Christian Fellowship

Spending time with other Christians, especially when discussing the things of God, helps remind me to remain faithful in prayer and Bible reading. As a human prone to wander, Christian fellowship helps keep me focused on what really matters.

“And let us consider one another in order to provoke love and good works, not neglecting to gather together, as some are in the habit of doing, but encouraging each other, and all the more as you see the day approaching.” (Hebrews 10:24-25 CSB)

In Conclusion

Life has many seasons. Each season takes a different appearance. Some seasons are full of joy. In other seasons, what we value greatly is taken from us.

In each new season we adjust with God’s help. We learn new habits and routines, sometimes leaving behind old habits we treasured, sometimes stepping into new routines we’ve long anticipated.

Regardless of what season of life I find myself in, may I always be intentional to keep these three critical resources a part of my life: prayer, Bible, and Christian fellowship.

After all, the most critical resource I need in all of life is my walk with God. Without Him, I am lost. Therefore, protecting and strengthening my walk with Him must be of highest priority.

Do you need access to a Bible in a language you can understand better? Check out They provide free access to read the Bible online in countless languages including some I’ve never heard of before.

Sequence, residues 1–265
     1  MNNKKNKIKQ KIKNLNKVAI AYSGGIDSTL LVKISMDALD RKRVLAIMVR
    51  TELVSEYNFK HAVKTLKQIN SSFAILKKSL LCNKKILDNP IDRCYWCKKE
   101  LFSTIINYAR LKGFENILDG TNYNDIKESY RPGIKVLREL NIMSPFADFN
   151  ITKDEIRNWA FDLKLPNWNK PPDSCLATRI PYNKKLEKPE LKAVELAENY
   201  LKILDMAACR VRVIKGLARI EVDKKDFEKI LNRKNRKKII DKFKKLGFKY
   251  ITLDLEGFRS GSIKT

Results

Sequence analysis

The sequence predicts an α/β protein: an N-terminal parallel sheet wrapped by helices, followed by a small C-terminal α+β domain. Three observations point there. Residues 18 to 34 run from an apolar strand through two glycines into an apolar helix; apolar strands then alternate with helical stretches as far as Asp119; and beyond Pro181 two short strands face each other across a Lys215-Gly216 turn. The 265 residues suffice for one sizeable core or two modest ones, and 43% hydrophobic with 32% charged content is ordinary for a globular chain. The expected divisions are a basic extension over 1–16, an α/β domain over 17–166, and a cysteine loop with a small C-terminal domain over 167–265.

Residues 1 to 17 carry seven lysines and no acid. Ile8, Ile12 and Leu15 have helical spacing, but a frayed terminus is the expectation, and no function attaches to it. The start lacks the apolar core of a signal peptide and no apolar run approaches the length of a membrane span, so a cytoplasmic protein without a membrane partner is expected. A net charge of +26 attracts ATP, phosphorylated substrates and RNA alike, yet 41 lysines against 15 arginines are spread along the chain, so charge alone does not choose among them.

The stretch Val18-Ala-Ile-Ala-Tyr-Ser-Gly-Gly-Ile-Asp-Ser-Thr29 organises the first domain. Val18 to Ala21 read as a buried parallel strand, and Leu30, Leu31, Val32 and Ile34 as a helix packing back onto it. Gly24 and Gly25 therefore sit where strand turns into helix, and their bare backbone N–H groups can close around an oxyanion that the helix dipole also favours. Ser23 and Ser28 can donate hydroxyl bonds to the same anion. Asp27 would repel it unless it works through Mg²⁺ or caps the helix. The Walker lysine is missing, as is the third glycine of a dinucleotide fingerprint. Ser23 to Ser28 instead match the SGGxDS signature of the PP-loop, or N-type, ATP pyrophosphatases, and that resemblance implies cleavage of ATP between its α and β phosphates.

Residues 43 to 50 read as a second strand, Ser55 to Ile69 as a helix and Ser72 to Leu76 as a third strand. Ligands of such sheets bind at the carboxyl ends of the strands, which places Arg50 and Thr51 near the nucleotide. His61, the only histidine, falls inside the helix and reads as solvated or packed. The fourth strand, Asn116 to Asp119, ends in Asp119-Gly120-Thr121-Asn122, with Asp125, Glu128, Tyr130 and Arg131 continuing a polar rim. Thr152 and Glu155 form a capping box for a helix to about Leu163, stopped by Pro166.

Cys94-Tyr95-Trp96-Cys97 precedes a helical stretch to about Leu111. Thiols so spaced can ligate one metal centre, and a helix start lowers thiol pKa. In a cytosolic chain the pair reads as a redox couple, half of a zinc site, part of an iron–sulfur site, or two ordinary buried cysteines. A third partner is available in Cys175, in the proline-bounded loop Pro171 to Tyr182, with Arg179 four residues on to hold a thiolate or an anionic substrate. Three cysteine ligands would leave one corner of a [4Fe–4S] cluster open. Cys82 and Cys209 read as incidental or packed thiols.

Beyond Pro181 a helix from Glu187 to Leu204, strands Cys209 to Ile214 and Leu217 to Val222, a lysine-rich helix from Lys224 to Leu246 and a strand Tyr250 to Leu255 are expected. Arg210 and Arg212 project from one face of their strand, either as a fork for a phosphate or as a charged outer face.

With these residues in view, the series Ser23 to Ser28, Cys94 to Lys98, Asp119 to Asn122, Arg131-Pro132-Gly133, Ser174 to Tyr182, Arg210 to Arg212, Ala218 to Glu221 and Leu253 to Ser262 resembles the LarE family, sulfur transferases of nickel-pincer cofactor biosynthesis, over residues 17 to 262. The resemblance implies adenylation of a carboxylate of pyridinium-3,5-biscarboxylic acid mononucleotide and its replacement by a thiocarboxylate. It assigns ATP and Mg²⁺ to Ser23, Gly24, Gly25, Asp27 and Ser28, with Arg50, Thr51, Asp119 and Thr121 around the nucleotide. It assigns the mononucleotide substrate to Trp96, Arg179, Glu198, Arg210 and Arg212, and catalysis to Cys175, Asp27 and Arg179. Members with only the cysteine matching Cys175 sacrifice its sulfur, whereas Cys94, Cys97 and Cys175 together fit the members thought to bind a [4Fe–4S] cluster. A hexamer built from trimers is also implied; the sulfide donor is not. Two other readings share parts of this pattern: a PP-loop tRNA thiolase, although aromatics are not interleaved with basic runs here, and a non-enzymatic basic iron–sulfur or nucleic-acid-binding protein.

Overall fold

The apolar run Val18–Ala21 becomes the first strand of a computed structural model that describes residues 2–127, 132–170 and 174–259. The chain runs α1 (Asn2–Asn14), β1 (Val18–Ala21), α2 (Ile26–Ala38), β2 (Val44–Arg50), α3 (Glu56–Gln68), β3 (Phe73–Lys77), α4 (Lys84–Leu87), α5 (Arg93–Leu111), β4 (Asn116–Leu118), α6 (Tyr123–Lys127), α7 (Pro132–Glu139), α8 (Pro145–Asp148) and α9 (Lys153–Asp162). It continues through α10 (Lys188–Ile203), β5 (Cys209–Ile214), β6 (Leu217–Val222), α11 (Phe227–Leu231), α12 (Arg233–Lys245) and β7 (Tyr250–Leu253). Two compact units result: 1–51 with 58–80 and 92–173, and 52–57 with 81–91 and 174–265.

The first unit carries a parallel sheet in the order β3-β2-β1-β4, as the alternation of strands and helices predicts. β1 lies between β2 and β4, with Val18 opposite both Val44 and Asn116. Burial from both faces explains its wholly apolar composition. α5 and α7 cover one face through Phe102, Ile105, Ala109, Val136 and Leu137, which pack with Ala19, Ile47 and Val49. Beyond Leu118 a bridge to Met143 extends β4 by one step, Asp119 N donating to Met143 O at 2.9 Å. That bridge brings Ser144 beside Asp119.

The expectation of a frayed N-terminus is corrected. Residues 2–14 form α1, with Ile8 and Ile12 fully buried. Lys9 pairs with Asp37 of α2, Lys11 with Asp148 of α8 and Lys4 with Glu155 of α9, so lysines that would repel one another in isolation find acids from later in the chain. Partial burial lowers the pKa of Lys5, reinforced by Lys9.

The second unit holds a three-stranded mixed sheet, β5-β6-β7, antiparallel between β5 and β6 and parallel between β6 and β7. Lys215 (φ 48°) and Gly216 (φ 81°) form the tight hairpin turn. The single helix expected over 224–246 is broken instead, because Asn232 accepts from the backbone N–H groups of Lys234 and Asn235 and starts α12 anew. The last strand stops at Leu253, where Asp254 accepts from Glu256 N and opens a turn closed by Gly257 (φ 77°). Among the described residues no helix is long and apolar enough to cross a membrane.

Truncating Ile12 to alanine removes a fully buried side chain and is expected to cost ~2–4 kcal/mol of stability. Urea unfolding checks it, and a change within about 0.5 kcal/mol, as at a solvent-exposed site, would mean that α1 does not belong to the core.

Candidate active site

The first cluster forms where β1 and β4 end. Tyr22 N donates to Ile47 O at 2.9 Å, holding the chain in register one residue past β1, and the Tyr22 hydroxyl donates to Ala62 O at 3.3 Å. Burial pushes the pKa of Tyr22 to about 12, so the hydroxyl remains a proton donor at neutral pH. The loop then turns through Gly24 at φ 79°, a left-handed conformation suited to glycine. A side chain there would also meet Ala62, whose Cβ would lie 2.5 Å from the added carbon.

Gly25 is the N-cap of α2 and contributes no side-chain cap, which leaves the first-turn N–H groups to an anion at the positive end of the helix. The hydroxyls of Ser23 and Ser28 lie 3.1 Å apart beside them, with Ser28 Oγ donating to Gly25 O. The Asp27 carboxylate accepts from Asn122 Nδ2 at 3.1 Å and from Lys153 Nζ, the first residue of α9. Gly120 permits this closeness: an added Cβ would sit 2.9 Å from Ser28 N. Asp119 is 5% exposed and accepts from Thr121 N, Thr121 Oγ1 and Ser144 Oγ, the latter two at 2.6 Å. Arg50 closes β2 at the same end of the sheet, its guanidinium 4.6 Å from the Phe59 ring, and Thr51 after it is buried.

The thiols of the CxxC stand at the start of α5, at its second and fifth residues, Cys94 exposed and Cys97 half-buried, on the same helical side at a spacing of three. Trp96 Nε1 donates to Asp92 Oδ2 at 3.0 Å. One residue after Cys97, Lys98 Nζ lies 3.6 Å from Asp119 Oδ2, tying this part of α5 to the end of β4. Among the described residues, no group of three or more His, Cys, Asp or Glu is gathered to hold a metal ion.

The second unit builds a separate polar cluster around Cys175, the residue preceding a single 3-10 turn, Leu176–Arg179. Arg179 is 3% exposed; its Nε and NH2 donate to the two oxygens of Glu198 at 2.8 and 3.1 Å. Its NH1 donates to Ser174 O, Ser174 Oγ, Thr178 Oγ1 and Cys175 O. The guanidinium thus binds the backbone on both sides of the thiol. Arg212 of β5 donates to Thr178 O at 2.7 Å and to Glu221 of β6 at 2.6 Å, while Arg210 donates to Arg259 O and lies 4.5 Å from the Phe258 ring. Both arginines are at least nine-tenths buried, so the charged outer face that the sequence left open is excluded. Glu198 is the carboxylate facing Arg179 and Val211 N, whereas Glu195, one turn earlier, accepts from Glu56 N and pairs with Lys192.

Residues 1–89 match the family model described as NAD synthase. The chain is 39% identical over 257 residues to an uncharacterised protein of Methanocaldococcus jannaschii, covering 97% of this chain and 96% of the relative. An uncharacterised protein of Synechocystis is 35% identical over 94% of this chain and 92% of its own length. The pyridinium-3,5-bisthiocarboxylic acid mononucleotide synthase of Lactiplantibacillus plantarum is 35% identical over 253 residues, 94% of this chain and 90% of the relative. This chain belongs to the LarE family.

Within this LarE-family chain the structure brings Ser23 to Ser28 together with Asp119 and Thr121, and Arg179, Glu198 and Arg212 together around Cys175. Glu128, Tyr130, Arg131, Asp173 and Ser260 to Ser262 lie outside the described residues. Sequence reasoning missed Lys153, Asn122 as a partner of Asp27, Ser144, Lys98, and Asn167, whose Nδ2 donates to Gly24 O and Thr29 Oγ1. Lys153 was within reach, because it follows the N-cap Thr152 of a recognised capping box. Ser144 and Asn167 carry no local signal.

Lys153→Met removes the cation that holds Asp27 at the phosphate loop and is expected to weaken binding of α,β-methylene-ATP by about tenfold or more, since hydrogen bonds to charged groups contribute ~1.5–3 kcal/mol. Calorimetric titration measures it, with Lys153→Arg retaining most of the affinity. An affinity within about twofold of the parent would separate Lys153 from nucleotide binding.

Want to go a deeper in your Bible study? I often use to look up a specific word and its original meaning, or to compare English translations. This website does take some time to learn your way around, but it is a valuable resource.

Also, for anyone on my email list, I have a free printable Bible reading chart that includes a list of every chapter of the Bible so that you can track your Bible reading. If you haven’t already, click here to join my email list.

A bright preschool circle time set up


I’ve heard many people asking about curriculums to use with their preschooler(s). While there are preschool curriculum options available for sale, it may be easier than you think to create your own curriculum customized for your children and your schedule.

While there is no one way to create a curriculum for your children, here is the process I typically follow as a preschool teacher.

Step 1: Overall Learning Goals

  • Determine what overall learning goals you want your children to reach.
  • Academic suggestions include topics such as:
    • ABCs
      • It often works well to focus on teaching one letter per week, though they will need lots of review along the way.
      • Here are some fun ways to teach the letters: Teaching the ABCs
    • Numbers 1-20 (counting and recognition)
    • Shapes and colours
      • Focusing on one colour or one shape per week could work. Alternatively, you could have “Shapes” as your fun theme for a week.
    • Calendar
    • Science
      • Some people love integrating science into various themes. If that’s you, here are some ideas for simple science experiments to do with children: Preschool Science Ideas Board
    • Sight words
      • Wait until your child has a very good comprehension of the alphabet sounds before introducing sight words.